Over the past decades, regional governments have been grappling to curb the alacrity of criminal activity that permeates within the borders of these territories.
Reports indicate that young people, from 17 to 29 years, account for about 80 % of crimes committed in the region and they are both the primary victims and perpetrators of those crimes. In the sub-region, social intervention is being explored as an alternate way of bringing about social order and stability to the islands.
One of the initiatives touted to help stem the crime flow is a rehabilitation program geared to help recidivists return to society as meaningful citizens, and make a worthwhile contribution to the overall socio-economic developmental sphere.
Director-General of the Organisation of Eastern Caribbean States (OECS), Dr. Didacus Jules, is adamant that measures can be taken to better tackle this critical component. Speaking at an earlier online media forum – on Social Protection in the sub-region, he said, the OECS secretariat is open to helping regional administrators address the matter.
“This issue is about making them talk about their stories, so we get from them what led them to do the things that they did and what caused them to be delinquent,” Dr. Jules noted.
“And while working through that process, they come to the realization …and we’ve had really outstanding examples of young people doing extraordinary things,” he added. “So when they come out they are already reformed, but not just reformed but they are skilled and re-tooled for a different future.”
He said the role of the sub-regional council does not entail taking disciplinary action against offenders, but rather engaging in a process of social intervention and discourse in being able to reach out to those persons.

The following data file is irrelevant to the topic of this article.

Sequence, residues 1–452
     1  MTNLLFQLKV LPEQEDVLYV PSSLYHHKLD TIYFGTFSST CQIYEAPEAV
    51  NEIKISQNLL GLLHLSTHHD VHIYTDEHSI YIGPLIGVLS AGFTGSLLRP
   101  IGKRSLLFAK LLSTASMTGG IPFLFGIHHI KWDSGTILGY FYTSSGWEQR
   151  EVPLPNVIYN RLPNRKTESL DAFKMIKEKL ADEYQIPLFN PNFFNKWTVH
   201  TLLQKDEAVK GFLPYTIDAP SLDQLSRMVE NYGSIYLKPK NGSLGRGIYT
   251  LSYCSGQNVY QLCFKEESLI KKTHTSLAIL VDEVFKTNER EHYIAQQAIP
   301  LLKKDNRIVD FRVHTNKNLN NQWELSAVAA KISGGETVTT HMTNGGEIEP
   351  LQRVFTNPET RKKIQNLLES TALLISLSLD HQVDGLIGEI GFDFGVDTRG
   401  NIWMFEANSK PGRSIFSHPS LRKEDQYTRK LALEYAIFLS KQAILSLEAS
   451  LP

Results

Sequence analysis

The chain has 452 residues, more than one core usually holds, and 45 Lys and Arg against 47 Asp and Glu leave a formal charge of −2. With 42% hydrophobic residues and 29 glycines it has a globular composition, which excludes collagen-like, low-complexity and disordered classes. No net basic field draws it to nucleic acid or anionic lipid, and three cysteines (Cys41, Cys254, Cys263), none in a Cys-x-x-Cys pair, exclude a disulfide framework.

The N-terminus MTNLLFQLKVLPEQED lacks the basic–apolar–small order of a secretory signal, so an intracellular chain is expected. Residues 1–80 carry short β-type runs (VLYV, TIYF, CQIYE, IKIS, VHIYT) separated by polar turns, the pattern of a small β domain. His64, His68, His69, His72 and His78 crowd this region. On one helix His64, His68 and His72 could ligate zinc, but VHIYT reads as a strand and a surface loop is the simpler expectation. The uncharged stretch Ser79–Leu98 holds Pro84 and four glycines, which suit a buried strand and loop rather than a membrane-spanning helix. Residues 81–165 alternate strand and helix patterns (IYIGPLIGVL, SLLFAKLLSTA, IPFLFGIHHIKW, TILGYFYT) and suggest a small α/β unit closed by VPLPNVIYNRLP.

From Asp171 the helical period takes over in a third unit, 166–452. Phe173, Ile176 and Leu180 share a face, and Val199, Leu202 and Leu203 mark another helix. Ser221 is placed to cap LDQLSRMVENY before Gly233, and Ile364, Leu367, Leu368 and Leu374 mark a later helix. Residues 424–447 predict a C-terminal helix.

Dr. Jules stated that it is important to identify those young people who are “doing extraordinary things”, especially where they come from vulnerable spaces or disadvantaged backgrounds.
“Because by projecting them as an example of what is possible, we help to encourage other young persons to follow that example,” he declared.
The OECS executive recalls that there have been instances where these persons have been put in touch with others, and “they’ve served as workshop leaders, as feature speakers in youth events and so on.”
Citing the need for greater promotion and publicity of these ‘exemplary stories’ involving young persons in the sub-region, Dr. Jules explained that the OECS website covers a wide global platform that is accessible to several business entities, such as the airline industry, entrepreneurs, and others. “So when we put these messages out they go far and wide,” he added.
“We have had young people become ‘30 and Under-30’ entrepreneurs because they were showcased through the OECS,” asserted Dr. Jules. He adds that the OECS has direct links to a reputable global business magazine, which highlights such stories.
Other measures also identified from the social discourse, entailed such as involving the input of elders from the respective communities to mitigate disputes and focusing on holding more community hall discussions that directly impact the residents.
Human and Social Development in the Eastern Caribbean are regarded as one of the key challenges that the OECS Commission has to address.
According to the OECS secretariat, “Human and Social development policies aim to improve the well-being and quality of life of all citizens in the OECS and to enable them to reach their full potential.”
It further notes: “Hence the OECS Commission is collaborating with its Member States along with international agencies such as the United States Agency for International Development (USAID), or the United Nations Children’s Fund (UNICEF) to review, update, amend and establish laws on multiple matters including; social protection, social safety net programmes, child abuse, juvenile justice, domestic violence and care for the most vulnerable groups of our society (i.e.: elderly, disabled persons, etc…).”
In this vein, the OECS pursues four strategic objectives with regard to Social Development in the Eastern Caribbean, which includes –
Facilitating effective social protection responses;
Building human and community resilience; Facilitating social reintegration and inclusive communities, and Human and Social Development projects.